When you’re ready to fry, choose a heavy based deep wide sauté or frying pan and heat the vegetable oil until medium hot. Add the chopped onions and cook until soft and just turning golden. Throw in the garlic and cook for a minute or so more until just beginning to brown but not burn. Add a couple of ladlefuls of beans and their cooking liquid to the frying pan, turn down the heat to low and cook the beans and associated liquid mashing them into the base of a pan with your wooden spoon or a potato masher. Once each ladleful of beans is mashed and heated, add the next. Add more bean cooking liquid as required to form a thick paste. It won’t look too pretty – a thick, grey sludgy paste, but it will taste good. Taste and season with salt and pepper and, if using, ground cumin. Scatter over the optional chopped coriander and serve.
Recipe for Belizean fry jacks
Adapted from an authentic fry jacks recipe from the blog “Rice and Beans A Belizean in the USA”
1/2 cup wholewheat flour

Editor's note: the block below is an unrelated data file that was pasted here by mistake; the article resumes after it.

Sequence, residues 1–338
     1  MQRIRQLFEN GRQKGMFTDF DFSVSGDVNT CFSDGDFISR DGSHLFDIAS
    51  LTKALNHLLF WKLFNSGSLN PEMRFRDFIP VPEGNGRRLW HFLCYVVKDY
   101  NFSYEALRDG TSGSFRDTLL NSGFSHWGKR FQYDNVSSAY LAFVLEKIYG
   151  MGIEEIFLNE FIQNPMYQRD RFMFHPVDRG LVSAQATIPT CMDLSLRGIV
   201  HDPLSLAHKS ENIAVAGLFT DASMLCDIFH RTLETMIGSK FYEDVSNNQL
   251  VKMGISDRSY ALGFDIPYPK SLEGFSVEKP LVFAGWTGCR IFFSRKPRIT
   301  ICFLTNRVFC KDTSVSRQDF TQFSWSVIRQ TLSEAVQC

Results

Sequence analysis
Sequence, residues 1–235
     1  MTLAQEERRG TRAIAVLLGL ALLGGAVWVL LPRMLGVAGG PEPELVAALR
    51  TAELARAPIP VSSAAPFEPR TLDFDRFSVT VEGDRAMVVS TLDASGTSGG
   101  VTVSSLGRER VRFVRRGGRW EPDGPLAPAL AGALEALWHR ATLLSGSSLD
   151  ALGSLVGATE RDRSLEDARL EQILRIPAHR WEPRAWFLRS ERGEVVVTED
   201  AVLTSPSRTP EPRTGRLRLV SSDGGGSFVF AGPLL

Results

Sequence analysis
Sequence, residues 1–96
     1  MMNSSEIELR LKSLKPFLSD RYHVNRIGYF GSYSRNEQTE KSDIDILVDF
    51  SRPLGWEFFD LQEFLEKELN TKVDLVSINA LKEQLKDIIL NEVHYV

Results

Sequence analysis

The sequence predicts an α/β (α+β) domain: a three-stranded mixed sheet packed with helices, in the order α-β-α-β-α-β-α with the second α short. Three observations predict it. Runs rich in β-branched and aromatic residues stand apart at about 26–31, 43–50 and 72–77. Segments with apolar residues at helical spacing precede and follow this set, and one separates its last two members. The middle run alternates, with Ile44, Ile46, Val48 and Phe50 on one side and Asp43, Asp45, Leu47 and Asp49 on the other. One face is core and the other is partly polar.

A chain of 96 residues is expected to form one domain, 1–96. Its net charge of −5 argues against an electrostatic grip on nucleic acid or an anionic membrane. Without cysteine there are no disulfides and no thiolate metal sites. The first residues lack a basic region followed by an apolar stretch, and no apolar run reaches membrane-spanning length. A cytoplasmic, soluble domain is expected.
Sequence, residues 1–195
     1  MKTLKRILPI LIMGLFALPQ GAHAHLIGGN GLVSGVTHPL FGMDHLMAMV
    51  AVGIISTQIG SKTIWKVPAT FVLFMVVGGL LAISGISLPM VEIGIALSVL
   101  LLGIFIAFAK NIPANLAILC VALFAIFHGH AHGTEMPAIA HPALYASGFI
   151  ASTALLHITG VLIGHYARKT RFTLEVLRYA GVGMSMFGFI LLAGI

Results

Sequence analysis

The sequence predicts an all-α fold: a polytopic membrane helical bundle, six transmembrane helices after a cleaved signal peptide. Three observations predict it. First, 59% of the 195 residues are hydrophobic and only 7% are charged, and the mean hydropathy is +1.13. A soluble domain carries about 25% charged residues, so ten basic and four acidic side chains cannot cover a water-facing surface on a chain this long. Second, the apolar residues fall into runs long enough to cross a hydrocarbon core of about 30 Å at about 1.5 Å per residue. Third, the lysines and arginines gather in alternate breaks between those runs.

1 and 1/2 cups white flour
1 and 1/2 tsp baking powder
1/2 tsp salt
1/4 cup vegetable oil
about 3/4 cup of water
Mix together the flour, salt and baking powder in a large mixing bowl. Add the vegetable oil and, using your hands, work the oil into the flour until you have little pebbles of oil saturated dough evenly distributed throughout the flour.
Make a well in the mixture and pour in the water a little at a time, using your other hand to stir the flour into the water in the centre of your pile. Keep adding the water and mixing it in a little at a time until you have formed the entire pile of flour into a rough ball of slightly sticky dough. You may need a little less water than specified in the list of ingredients.
Turn the dough out onto a floured work surface and knead for about 5 minutes until it is smooth and stretchy. Then roll it out into a snake shape and cut it into 8 equal sized pieces. Take each piece and roll it into a ball. Cover and leave the balls to rest on a lightly floured surface for at least 30 minutes.
Next, prepare to deep fry the fry jacks. I used an electric deep fat fryer and my chosen cooking oil was rapeseed (canola). Heat the oil until really hot. To test if the oil is hot enough, drop in a small scrap of dough. If it sizzles but doesn’t smoke, the oil is the right temperature.